In my previous post in my study of Darwinism, I discussed Replicators. We know genes as the primary replicator, but in reality, genes are only a special case of replicators. If we were to discover aliens, their lifeforms would most certainly be based on a replicator, although not likely the gene as we know it. The gene evolved from earlier replicators, and there's nothing special about the gene—the early replicators could have evolved differently, resulting in a replicator different from the gene as we know it. Therefore, it is actually quite improbable that the alien civilization we discover would be based on the exact same replicator that Earth-life is.
Replicators are not limited to the biological world. In 1976, Richard Dawkins coined the term "meme" to represent a theoretical replicator of culture. In the primeval soup of chemicals in the early days of the Earth, infused with energy from lightning and the sun, the situation was ripe for molecules to form and, over time, at least one of which was likely to exhibit self-replicating properties. In terms of life, once consciousness evolved, that provided fertile ground for a new replicator to emerge, the meme.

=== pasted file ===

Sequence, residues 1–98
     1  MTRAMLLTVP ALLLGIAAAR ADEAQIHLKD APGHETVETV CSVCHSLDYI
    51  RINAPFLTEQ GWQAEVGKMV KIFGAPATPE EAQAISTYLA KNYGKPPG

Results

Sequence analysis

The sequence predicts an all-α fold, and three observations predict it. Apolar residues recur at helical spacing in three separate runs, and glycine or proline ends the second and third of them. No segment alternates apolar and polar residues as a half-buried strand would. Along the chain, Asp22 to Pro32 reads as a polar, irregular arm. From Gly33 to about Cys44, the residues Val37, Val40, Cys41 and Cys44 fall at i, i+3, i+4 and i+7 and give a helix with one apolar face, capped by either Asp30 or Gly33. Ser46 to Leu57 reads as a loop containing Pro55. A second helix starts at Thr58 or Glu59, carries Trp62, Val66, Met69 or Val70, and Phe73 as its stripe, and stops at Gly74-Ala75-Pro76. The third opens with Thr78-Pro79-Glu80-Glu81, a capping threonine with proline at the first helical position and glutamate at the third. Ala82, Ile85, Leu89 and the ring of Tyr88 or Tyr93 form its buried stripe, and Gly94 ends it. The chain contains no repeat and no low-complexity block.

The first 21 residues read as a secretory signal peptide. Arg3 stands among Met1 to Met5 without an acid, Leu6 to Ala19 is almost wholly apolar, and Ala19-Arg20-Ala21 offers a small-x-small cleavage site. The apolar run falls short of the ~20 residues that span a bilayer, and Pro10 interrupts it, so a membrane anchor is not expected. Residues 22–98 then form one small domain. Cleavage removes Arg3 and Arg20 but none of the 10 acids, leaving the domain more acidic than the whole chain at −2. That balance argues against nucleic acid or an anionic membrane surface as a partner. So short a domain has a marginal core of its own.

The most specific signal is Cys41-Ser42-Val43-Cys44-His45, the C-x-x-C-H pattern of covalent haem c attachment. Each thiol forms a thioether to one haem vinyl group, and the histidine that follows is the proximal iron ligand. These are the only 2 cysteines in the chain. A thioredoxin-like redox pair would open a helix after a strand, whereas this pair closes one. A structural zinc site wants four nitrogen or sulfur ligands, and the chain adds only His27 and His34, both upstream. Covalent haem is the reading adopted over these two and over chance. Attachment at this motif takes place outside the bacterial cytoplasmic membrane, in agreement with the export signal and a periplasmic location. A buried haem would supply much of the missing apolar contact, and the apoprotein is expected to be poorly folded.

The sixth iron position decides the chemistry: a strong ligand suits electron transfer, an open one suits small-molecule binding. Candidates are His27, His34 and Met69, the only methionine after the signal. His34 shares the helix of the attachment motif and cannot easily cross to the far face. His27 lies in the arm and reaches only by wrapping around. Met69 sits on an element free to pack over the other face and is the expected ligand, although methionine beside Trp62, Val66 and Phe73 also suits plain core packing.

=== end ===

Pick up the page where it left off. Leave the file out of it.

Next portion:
Instead of discussing memes in complete detail (this isn't a book :) ), I'm going to give several examples over the next few posts and rely on them to explain the essence of memetic thought. There is one important thing to note, however. The gene is a physical molecule with a specific topology—it exists in the world. The meme, in contrast, does not exist. It is simply a model that explains quite well how culture has changed through time. Nobody thinks that we can look inside our brains and find this molecule called a meme. Rather, it is simply a wonderful tool of analysis and planning that is worthy of study, not only for deepening your understanding of replicators and the process of natural selection, but also for understanding of the culture in which we live.
Stay tuned on Wednesday for the first example!